“Much of the recent reported drop in interstate migration is a statistical artifact”

Greg Kaplan writes:

I noticed that you have blogged a little about interstate migration trends in the US, and thought that you might be interested in a new working paper of mine (joint with Sam Schulhofer-Wohl from the Minneapolis Fed) which I have attached.

Briefly, we show that much of the recent reported drop in interstate migration is a statistical artifact: The Census Bureau made an undocumented change in its imputation procedures for missing data in 2006, and this change significantly reduced the number of imputed interstate moves. The change in imputation procedures — not any actual change in migration behavior — explains 90 percent of the reported decrease in interstate migration between the 2005 and 2006 Current Population Surveys, and 42 percent of the decrease between 2000 and 2010.

I haven’t had a chance to give a serious look so could only make the quick suggestion to make the graphs smaller and put multiple graphs on a page, This would allow the reader to better follow the logic in your reasoning.

But some of you might be interested in the substance of the paper. In any case, it’s pretty scary how a statistical adjustment can have such a large effect. (Not that, in general, there’s any way to use “unadjusted” data. As Little and Rubin have pointed out, lack of any apparent adjustment itself corresponds to some strong and probably horrible assumptions.)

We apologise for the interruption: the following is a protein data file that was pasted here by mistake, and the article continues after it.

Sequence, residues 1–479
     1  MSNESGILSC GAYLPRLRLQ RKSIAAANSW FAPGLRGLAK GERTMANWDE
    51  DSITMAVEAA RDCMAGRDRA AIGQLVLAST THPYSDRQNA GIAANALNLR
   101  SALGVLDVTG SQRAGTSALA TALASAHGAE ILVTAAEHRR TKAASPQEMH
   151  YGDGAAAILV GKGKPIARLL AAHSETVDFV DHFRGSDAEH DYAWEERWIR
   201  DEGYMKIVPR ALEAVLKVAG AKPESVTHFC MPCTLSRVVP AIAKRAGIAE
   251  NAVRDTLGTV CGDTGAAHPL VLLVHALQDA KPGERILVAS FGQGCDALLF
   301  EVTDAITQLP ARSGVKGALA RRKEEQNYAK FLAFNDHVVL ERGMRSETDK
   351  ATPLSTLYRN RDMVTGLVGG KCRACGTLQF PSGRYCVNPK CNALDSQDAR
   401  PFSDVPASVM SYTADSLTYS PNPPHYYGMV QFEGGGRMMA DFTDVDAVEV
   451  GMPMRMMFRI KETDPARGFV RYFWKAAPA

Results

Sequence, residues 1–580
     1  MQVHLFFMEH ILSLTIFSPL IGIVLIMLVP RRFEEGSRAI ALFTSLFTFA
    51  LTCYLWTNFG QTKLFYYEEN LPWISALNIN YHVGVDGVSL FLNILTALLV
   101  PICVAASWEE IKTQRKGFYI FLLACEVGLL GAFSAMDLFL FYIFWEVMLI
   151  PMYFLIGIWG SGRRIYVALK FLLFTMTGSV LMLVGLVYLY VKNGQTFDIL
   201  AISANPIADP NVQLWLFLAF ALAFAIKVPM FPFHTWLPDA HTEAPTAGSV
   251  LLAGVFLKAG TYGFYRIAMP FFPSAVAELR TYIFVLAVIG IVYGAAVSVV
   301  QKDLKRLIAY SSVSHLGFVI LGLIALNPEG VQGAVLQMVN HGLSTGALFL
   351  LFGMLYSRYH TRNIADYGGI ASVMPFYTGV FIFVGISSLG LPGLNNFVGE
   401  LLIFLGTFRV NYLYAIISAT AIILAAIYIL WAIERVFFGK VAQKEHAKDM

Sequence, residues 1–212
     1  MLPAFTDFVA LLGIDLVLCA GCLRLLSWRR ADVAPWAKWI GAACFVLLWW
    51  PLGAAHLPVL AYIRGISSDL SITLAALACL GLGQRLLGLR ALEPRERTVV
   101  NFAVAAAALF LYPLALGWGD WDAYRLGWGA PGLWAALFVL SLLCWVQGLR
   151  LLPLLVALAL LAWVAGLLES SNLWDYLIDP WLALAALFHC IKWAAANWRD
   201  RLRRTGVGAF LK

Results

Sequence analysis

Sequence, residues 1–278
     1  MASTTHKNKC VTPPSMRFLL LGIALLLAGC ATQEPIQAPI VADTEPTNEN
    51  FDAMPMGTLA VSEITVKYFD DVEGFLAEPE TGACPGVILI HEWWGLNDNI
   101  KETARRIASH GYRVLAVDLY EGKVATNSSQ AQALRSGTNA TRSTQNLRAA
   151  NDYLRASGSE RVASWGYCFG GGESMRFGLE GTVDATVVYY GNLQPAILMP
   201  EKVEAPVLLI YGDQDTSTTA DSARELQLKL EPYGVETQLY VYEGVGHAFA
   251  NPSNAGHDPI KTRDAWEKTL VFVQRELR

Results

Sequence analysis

P.S. See here for another recently-discovered problem with Census data.

2 thoughts on ““Much of the recent reported drop in interstate migration is a statistical artifact”

  1. IRS migration data typically lags a couple of years, but you can at least run some double-checks with that data. You also get some great county-level looks at the data, unless there's fewer than 10 people making such a move.

  2. That's close to something I "discovered" last year regarding the GARCH model…actually anyone could do this:

    I attempted a replication of Bollerslev's article that introduced the GARCH model; the relevant data is easy to get online.

    The results were strikingly different in that the GARCH model tells us very little. It turns out that the Census or the Bureau of Labour Statistics or some other such authortiy redefined the variable used to estimate the GARCH model Bollerslev proposed which is the implicit GNP price deflator in the time between Bollerslev showed his example (1987 I believe) and when I downloaded the data (which was last year). This was that they now use a Fisher price index to compute the deflator.

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